Directed by Steven Spielberg, written by Joel and Ethan Coen, starring Tom Hanks
“Bridge of Spies follows Jim Donovan, a Brooklyn based insurance lawyer, who is tasked with not only defending a Soviet spy, but negotiating the exchange of spies between the United States and the Soviet Union, at the height of the Cold War.”
Bridge of Spies is a film that was on the radar of many film critics, being eyed for Oscar potential, due to its immensely talented cast and crew. From Tom Hanks, arguably one of the greatest actors ever, Steven Spielberg, one of the world’s greatest living directors and the Coen Brothers, the “genre-bending” writing and directing duo that took the film industry by storm, it seemed like Bridge of Spies was destined for greatness. But was it great? No. Bridge of Spies is a film that had immense potential, but ultimately was mishandled resulting in a decent jumbled mess. Tom Hanks, as always, is great in the film, but failed to show any signs of the brilliance that we have come to expect from him. After a brief hiatus from filming, and coming off of Captain Phillips, we, as film fans expected Tom Hanks to deliver a performance for the ages, but instead delivers one that is the Tom Hanks version of “phoning it in”. That being said, his performance is not bad by any means, as Hanks is an incredible actor, and his version of “phoning it in” is arguably better than other actor’s best work.
There are some excellent dramatic moments in the film, and his comedic timing was a wonderful surprise, but there was so much wasted potential in his character that led to ultimate disappointment. Another problem in the film was the relationships explored between Donovan (Hanks) and the supporting characters. There are far too many plot ideas involving Donovan and the people around him that are never concluded or fully explored, especially the relationships developed between him and his family and him and the Soviet spy, Rudolf Abel. By themselves, if sufficient time was devoted to it, these relationships had the potential to be riveting and emotional, but instead fell flat, forced and/or unfinished.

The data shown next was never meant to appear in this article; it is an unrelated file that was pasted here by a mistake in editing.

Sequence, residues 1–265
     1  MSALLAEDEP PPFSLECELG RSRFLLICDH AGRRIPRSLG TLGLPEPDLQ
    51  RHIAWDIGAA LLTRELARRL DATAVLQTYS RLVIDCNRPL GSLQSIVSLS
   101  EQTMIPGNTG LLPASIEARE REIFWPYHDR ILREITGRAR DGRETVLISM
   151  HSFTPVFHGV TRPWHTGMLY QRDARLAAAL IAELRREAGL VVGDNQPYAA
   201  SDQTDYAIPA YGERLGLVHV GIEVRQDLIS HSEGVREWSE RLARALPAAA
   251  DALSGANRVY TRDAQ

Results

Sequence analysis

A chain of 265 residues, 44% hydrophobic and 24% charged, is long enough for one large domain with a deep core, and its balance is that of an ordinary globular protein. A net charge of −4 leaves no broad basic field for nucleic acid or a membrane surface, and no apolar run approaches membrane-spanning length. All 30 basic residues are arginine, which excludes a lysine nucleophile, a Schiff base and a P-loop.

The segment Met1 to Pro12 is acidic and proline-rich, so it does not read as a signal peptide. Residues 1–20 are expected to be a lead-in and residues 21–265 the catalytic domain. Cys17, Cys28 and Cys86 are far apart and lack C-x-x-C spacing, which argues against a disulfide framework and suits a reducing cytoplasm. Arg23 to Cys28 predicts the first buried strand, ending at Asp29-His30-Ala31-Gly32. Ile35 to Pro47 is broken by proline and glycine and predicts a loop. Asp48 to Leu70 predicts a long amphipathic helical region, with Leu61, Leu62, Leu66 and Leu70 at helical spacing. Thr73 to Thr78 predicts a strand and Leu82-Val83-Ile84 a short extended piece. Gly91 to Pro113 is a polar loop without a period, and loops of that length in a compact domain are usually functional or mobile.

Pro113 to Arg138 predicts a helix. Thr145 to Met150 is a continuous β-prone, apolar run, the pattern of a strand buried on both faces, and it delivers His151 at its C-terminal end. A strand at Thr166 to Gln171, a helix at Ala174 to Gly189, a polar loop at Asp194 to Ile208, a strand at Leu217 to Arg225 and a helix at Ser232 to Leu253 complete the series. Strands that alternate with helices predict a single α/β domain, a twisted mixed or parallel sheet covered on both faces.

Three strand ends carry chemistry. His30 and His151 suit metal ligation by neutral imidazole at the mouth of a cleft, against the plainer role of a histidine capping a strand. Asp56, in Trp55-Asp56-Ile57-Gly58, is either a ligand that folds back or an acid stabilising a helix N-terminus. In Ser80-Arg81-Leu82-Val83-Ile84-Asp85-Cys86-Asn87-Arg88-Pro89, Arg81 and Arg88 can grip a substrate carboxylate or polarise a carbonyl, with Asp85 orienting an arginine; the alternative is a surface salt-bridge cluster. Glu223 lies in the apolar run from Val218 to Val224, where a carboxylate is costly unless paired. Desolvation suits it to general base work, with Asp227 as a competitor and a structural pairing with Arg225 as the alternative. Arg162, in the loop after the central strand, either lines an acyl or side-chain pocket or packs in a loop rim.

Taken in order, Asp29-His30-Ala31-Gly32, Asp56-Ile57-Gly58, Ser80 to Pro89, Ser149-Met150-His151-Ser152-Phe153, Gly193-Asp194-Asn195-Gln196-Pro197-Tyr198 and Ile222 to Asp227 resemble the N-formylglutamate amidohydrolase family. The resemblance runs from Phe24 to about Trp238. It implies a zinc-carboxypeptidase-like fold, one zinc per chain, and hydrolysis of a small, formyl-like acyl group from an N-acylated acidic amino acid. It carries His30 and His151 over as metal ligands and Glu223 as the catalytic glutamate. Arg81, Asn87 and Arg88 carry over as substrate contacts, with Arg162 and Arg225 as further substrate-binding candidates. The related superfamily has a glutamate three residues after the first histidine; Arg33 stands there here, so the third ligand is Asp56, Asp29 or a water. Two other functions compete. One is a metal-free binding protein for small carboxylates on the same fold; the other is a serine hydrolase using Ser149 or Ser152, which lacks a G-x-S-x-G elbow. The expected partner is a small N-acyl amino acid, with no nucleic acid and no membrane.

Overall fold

The underlying problem, however, with Bridge of Spies is not the actors’ fault, but rather in the story and how it was handled. As stated before, there are way too many plot points that are introduced early in the film, then either forgotten or hastily resolved with no clear indication of the how we got there. The removal of some of these unnecessary story ideas, and the expansion of others would’ve made them more effective and made the viewer actually care for what’s going on. Despite this, the film’s story is not terrible; it is relatively easy to follow and is usually interesting, but there are many random ideas littered throughout the film that are never explored thoroughly.
Other quick notes include the surprising comedic tone of the film, which worked well, but it was something unexpected from the trailers. The cinematography and directing were also very well done as per usual, with some incredible scenes using tricky lighting and the beautiful opening sequence featuring a distinct lack of soundtrack.
Bridge of Spies is like a puzzle with all the right pieces… just in the wrong places. All the right components are present for a spectacular film, but ultimately fall flat, are misused and mishandled, leading to a disappointment of a film for one of many people’s most anticipated of 2015.